The Campaign on the Web

Nov. 30 1999 3:00 AM

The Campaign on the Web

By their Web sites ye shall know them. The presidential candidates have staked their places on the Web to raise money, to distribute speeches and position papers, and to show off their cybersavvy. Some sites are better than others. Here's a quick guide.

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Democrats

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Bradley pitches himself as a reformer disdainful of big money. The site even offers a copy of his personal financial disclosure statement. However, you'll soon discover that clicking around the site causes an unsolicited "Make a Contribution" box to pop up repeatedly on your screen.

Bottom line: Large, confident, and dull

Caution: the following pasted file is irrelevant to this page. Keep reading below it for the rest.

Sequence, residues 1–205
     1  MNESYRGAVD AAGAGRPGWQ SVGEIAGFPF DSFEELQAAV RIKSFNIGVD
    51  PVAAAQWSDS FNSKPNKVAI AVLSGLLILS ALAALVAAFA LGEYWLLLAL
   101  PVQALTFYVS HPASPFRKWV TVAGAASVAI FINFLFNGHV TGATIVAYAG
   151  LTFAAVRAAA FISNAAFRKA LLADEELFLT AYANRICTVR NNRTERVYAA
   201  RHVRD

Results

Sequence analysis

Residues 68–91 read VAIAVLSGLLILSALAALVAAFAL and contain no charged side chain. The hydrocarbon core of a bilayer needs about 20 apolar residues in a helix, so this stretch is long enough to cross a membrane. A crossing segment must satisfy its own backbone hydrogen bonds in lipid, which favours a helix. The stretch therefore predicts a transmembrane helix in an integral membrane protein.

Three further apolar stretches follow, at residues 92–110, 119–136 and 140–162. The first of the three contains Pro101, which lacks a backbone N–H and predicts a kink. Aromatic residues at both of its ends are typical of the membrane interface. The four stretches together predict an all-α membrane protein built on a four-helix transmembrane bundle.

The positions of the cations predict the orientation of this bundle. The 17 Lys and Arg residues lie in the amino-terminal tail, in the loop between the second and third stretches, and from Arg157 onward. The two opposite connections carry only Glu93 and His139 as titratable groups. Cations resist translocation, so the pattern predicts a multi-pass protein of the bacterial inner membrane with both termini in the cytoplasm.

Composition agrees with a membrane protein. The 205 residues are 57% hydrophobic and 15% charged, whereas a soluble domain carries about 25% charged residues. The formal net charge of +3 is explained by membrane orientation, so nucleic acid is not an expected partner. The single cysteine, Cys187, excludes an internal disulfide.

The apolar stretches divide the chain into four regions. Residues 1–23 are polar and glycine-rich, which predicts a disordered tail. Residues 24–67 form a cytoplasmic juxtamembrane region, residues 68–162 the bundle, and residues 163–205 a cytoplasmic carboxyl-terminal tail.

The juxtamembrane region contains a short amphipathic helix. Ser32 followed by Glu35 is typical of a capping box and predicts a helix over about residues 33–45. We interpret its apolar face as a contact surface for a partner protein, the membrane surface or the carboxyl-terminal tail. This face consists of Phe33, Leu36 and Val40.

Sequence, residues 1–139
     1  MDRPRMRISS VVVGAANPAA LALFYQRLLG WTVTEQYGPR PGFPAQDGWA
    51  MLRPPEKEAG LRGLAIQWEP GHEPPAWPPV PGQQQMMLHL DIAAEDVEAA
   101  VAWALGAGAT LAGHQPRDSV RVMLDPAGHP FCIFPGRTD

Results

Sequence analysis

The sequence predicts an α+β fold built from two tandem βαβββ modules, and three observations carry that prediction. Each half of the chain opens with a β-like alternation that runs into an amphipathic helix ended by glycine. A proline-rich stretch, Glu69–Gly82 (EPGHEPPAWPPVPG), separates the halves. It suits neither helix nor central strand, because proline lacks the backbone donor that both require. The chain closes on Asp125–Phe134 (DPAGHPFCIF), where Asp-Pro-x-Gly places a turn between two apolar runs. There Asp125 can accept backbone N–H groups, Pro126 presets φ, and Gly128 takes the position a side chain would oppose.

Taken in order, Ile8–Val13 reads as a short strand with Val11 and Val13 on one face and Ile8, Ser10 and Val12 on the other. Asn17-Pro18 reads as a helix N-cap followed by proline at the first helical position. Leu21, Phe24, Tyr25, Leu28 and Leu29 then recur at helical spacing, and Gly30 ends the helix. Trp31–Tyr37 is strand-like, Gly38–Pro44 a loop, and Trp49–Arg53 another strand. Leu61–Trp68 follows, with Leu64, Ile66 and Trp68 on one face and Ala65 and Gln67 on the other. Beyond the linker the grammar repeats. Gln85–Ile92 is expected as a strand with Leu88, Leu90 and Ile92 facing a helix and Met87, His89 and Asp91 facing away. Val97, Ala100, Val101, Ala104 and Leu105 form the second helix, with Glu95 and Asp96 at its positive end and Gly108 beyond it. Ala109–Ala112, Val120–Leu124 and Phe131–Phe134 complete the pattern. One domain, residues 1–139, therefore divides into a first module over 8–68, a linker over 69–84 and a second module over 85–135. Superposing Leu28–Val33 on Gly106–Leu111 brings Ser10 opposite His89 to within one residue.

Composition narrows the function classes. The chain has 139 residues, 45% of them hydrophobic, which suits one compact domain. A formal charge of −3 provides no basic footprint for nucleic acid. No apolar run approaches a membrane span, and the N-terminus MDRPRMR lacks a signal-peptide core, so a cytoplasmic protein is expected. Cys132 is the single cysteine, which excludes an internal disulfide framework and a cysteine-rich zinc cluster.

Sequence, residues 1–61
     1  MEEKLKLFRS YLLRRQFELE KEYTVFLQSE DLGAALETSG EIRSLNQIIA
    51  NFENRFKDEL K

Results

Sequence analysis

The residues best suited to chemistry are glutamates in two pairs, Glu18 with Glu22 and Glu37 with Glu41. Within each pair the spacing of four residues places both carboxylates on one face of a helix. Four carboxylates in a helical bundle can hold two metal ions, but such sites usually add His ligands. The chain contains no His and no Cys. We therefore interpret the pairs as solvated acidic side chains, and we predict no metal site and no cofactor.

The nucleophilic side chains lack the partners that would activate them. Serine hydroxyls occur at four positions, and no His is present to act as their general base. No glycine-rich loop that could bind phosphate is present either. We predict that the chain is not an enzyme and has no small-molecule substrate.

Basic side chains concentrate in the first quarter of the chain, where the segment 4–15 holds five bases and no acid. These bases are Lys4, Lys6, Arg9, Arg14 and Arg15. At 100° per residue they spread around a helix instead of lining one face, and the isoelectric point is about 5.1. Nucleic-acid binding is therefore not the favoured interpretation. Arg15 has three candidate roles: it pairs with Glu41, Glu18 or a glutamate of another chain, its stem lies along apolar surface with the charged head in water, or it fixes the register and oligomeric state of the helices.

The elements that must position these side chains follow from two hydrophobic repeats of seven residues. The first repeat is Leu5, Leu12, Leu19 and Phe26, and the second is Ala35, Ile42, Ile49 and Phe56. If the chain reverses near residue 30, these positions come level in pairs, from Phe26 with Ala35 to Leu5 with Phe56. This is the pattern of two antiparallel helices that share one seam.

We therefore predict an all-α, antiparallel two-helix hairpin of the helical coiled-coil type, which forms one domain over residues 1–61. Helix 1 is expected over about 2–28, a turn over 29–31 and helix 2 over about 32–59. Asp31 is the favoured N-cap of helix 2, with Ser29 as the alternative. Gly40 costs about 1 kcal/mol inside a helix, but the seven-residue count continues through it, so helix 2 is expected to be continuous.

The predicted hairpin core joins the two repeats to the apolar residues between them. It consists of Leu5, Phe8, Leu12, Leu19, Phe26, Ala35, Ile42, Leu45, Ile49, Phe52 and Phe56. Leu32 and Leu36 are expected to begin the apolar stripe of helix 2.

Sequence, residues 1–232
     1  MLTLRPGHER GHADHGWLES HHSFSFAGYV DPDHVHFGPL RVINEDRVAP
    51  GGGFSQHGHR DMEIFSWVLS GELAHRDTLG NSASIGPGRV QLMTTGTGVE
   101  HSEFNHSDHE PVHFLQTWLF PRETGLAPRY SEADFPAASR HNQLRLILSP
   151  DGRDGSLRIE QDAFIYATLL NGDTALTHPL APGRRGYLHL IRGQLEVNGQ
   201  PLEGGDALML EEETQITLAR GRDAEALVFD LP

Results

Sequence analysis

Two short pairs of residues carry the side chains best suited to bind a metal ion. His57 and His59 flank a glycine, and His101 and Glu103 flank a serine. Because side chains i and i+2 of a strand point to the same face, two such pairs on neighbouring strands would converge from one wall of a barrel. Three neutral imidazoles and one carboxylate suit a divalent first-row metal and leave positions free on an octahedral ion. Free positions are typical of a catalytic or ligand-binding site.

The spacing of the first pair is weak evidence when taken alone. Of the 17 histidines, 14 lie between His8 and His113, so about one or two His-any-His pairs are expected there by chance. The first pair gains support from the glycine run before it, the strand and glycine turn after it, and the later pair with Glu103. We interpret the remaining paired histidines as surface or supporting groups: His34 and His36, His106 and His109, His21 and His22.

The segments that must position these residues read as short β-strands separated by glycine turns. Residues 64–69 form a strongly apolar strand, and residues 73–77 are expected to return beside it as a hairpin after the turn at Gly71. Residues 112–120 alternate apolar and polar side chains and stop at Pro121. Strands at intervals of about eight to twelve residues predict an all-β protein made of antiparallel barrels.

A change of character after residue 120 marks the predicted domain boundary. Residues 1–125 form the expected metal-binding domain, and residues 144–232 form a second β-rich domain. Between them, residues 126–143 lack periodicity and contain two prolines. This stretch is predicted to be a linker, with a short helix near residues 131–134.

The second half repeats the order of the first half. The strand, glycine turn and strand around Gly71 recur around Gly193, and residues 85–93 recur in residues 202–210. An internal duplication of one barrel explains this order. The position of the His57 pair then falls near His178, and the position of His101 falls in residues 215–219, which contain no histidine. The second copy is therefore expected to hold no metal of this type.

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Lest anyone associate Gore with Bill Clinton's sex life, two of the departments you can click to from any page are " The Gore Family" and " Tipper Gore." And while other sites gloss over the legal rules for giving money, this contribution form requires donors to check boxes stating, "I am not a foreign national who lacks permanent resident status in the United States" and "The funds I am contributing are my own personal funds and not those of another."

Bottom line: Cybersprawl

Republicans

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